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Pension Reform in the Baltic Countries

image of Pension Reform in the Baltic Countries

Reform of the pension regime is continually evolving in the Baltic countries.  This publication contains individual country reports, comparative analysis from a regional perspective and examines key policy issues in the private pension sector.  It includes perspectives on these issues debated during the Pension Conference organised by the OECD in co-operation with the EU in April 2003 in Tallinn, Estonia.  The analyses benefit from in-depth knowledge of OECD experience in these sectors, as well as from experience in other emerging market economies.

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Review of Pension Reform in Latvia

How it Was Carried Out and What the Results Show in 2003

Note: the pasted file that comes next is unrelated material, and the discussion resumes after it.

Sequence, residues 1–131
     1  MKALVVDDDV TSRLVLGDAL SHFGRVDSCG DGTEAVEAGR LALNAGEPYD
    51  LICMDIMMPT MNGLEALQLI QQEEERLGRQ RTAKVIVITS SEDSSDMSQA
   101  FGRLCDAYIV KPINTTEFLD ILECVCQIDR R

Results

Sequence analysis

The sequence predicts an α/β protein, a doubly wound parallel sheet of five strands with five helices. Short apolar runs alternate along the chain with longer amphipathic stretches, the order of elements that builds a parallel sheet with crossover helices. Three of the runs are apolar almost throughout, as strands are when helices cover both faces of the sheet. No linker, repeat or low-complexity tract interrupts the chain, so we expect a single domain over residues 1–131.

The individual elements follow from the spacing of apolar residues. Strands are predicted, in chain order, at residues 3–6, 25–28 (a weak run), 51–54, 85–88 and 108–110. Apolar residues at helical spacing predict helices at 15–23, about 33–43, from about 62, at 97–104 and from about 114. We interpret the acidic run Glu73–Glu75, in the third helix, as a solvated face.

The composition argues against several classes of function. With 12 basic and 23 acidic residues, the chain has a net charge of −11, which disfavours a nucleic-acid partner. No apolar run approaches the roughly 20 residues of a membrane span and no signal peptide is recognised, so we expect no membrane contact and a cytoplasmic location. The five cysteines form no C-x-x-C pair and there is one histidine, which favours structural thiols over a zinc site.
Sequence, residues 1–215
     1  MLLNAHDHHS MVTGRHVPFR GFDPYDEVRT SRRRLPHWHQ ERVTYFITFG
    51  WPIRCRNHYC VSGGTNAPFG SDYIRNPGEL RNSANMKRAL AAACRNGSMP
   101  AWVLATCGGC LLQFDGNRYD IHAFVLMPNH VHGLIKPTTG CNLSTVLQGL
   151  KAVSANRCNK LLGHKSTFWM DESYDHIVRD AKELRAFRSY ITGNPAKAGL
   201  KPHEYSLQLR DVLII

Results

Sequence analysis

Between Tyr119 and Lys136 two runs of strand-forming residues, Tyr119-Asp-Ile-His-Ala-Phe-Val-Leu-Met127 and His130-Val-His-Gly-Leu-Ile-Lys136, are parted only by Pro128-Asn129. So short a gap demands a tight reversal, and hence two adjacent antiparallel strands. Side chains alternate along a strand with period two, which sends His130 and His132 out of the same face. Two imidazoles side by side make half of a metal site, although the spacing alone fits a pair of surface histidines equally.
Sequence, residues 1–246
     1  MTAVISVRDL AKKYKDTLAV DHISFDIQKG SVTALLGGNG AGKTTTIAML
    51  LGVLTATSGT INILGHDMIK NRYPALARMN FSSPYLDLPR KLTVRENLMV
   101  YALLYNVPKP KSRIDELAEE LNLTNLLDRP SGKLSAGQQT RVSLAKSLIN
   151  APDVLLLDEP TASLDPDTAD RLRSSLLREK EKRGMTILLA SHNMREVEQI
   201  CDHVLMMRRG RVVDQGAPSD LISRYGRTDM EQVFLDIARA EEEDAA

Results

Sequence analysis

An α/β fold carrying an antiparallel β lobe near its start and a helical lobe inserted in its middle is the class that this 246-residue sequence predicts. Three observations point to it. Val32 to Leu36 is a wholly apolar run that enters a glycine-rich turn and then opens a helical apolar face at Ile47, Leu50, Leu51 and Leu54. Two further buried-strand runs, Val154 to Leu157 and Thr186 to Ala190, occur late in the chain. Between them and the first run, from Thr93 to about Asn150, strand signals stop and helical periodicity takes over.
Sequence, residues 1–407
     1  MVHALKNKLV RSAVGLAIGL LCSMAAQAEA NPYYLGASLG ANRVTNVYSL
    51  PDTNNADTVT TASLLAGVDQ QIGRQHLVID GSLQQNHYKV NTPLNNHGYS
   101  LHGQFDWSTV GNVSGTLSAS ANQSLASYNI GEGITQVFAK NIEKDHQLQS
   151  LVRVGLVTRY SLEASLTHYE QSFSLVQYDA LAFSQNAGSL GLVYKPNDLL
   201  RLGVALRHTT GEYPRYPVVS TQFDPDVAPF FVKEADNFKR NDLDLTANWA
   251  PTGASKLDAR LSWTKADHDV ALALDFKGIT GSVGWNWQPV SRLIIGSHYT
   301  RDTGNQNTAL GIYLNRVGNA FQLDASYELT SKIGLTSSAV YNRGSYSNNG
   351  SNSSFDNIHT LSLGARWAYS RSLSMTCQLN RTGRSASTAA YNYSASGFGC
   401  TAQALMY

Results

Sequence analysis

This paper highlights the main reforms that have affected the Latvian pension system since 1991. It focuses on the three-tier model approved in 1995, which led to the introduction of voluntary funded schemes in 1998 and mandatory pension funds in 2001. The reform also led to the establishment of a new first tier where benefits are financed on a PAYG basis, but are based on individual actuarial principles. This is one of the few cases in the world of the so-called notional defined contribution system. As in Estonia, contribution collection, account management and record keeping are centralised. Banks and insurance companies can be pension fund managers but have only partial information about the affiliates. Supervision is carried out by the Financial and Capital Markets Commission...

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